Does Your Friend Encourage Your Emotionally Unhealthy Behavior?
To be human is to err. Sometimes we all get a glitch in the system and don’t quite have all of our mental faculties. When we feel stressed, upset or traumatized, we can feel the urge to do something that, ultimately, we know isn’t good for us, but somehow feels good in the moment. You’ve been there—you’ve said things you wish you could take back in the heat of fights and bought things you couldn’t afford when you were feeling empty. The important thing is having systems in place that can keep you in check, and some of those systems are your friends. When you’re too emotional to make the right decision, your friends step in, just as you do for them when they’re upset. But some friends encourage the wrong decisions when you’re upset, and can be very dangerous to have around. Does your friend encourage your emotionally unhealthy behavior?
She shows you your ex’s new girlfriend
Your friend shoves a phone in your face and on it, is the Facebook profile of a woman. Who is this woman? Oh. It’s your ex’s new girlfriend. Your ex you’ve been having a very hard time getting over. Your friend thinks the two of you should look over her photos and criticize her—it’ll make you feel better. Apparently.
She encourages you to send the nasty text
When you’re all worked up about a fight with a friend, you compose a not-so-nice text you want to shoot off to her. You write it when you’re emotional (the best time to write something—not). And your other friend eggs you on, adding fuel to the fire with reminders of other ways the one you’re mad at wronged you in the past.
She feeds you alcohol when you’re upset
When you’re sad or angry, this friend feeds you alcohol. And then, whatever that alcohol gets you to do (egg your ex’s house, sleep with a stranger in the bathroom), this friend also encourages you to do.
She sits by your side while you FB stalk
You mention you’d be interested to see what your ex is up to. Before you can say another word, your friend has all of his social media profiles pulled up in front of you. She’s even dug up some of the juicier posts and photos.
She helps you justify irresponsible purchases
You have a tendency to stress shop. So when you ask your friend, “Tell me that I shouldn’t buy this $400 dress right now” she doesn’t tell you that. Instead, she lists all the times you may need it, and mentions that it used to be $700 so, really, it’s a steal.
She helps you justify skipping work
Part of being an adult is still fulfilling your responsibilities, even when you don’t feel like it. That includes showing up to work after a breakup, after a fight with your mom, or even when you’re hung over. But your friend, instead of insisting you go to work, reminds you what a b*tch your boss is and that she can do without you for the day.
She lets you fixate on things you cannot control
You obsess and obsess over why your ex broke up with you, going over all the things he totally took the wrong way or misunderstood. You fixate on the little things you could’ve done differently to make him stay with you. Instead of your friend telling you if it was meant to be, it would be, she thinks maybe you should call your ex and explain it all. Again.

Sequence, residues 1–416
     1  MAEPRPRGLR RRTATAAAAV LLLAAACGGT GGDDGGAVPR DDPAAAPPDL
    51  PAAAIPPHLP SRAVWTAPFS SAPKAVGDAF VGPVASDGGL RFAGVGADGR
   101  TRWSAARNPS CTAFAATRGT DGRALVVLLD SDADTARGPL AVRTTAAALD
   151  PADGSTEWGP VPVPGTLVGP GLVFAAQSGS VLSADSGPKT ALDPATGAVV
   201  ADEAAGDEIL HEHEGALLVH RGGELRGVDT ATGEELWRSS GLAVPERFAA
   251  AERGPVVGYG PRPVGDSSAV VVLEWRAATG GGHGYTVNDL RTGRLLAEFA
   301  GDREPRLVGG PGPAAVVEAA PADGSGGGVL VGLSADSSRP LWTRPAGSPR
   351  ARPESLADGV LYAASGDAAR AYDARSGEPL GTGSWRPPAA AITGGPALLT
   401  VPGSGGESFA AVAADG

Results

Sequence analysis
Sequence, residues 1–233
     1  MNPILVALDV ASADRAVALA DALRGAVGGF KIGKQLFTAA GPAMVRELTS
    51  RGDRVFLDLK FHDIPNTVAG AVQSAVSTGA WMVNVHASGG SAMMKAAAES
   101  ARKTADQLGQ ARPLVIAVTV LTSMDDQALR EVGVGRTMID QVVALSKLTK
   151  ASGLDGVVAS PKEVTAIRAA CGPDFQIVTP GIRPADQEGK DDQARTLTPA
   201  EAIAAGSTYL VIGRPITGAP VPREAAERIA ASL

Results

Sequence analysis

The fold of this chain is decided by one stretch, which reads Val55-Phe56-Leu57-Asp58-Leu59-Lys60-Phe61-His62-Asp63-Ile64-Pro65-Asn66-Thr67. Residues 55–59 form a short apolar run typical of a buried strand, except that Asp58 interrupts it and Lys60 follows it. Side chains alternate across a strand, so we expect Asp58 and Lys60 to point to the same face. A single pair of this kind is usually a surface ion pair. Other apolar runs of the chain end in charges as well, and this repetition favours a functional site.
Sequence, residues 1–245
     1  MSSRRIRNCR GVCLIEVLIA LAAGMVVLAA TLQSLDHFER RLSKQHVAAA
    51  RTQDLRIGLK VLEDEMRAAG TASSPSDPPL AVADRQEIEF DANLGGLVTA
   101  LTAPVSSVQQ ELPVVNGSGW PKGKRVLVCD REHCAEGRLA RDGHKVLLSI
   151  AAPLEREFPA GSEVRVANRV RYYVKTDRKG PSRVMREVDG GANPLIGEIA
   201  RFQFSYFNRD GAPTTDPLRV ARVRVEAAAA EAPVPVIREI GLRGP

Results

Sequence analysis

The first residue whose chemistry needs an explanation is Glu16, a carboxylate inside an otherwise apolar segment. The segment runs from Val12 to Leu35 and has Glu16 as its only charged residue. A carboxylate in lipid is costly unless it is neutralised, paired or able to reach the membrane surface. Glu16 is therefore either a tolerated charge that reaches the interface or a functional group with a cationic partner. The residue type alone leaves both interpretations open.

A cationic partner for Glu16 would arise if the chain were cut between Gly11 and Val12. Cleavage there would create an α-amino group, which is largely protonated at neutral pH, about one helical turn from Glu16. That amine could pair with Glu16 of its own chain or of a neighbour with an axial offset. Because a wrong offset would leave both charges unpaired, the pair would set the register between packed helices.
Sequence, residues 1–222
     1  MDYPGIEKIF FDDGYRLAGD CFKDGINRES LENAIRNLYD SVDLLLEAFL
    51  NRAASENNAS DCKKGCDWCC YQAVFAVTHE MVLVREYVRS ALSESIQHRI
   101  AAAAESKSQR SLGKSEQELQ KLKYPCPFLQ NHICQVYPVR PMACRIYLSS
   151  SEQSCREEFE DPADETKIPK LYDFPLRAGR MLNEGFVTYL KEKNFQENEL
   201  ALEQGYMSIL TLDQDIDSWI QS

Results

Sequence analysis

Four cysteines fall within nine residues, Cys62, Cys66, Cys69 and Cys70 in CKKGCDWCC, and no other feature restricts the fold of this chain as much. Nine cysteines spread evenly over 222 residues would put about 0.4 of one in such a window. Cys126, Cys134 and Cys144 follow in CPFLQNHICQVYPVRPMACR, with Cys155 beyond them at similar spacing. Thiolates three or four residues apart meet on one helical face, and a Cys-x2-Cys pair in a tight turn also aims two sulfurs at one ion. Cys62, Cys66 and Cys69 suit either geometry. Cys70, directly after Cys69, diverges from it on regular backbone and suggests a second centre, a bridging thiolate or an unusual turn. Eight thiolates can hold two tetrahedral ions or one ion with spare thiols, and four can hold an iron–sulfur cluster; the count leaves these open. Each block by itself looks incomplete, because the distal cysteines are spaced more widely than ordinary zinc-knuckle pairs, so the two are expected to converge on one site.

She helps you try to control things you cannot control
You can’t really control the fact that your ex has a new girlfriend, and that she is really attractive. But your emotionally unhealthy friend is going to try to help you control it, by sending your ex unflattering photos and information she finds about his new girlfriend. As if, somehow, that will get him back to you.
She bad talks men who rejected you
If a guy doesn’t want a second date or doesn’t want to date you at all, it’s either because you’re not compatible or—perhaps—you have some behavior that is off putting. Rather than realizing and reflecting on that, you listen to your friend, who tells you that that man is dumb, unattractive, trashy and so on. She really doesn’t encourage you to accept things, or to reflect on things calmly.
She tells you to ditch friends who make you jealous
Feeling jealous of a friend for being wealthier than you, more attractive than you, more popular than you or more anything, really, is quite immature. If you feel jealous of a friend, it’s time to look inside and ask yourself what unresolved personal issues are making you project negativity onto those around you. But instead, this one toxic friend of yours, says, “You should just stop hanging out with her if she upsets you so much.”
She badmouths friends of whom you’re jealous
Your toxic friend even goes so far as to badmouth the other friend of whom you’re jealous. She believes the silly notion that if you think of all the bad qualities of someone, it somehow makes you look better. Which it doesn’t.
She gives you excuses to cancel on people
If you don’t feel like going to something you said you’d go to (a friend’s birthday party, for example), your toxic friend starts listing all the ways that friend really hasn’t been there for you in the past. And she insists that you’d be totally justified in not going.
She lets you blame the rest of the world
When things don’t go the way you want them to, your friend doesn’t encourage you to think about how you could have done things differently. She just dives into calling the rest of the world unfair, mean, nasty and stupid. In the eyes of this friend, nothing is ever your fault. Of course, that can’t really be true.
She suggests you can’t accomplish your goals
When you are overwhelmed by the work you need to put into your goals, this friend suggests maybe you should quit. Maybe you’re not cut out for it. Perhaps you should do something easier…it’s better that way.
She eats emotions with you
When you want to order four pizzas for yourself, your friend adds on a few orders of cinnamon twists, cheesy bread and cookies. She starts listing the good things you ate that week, as an excuse to eat bad things.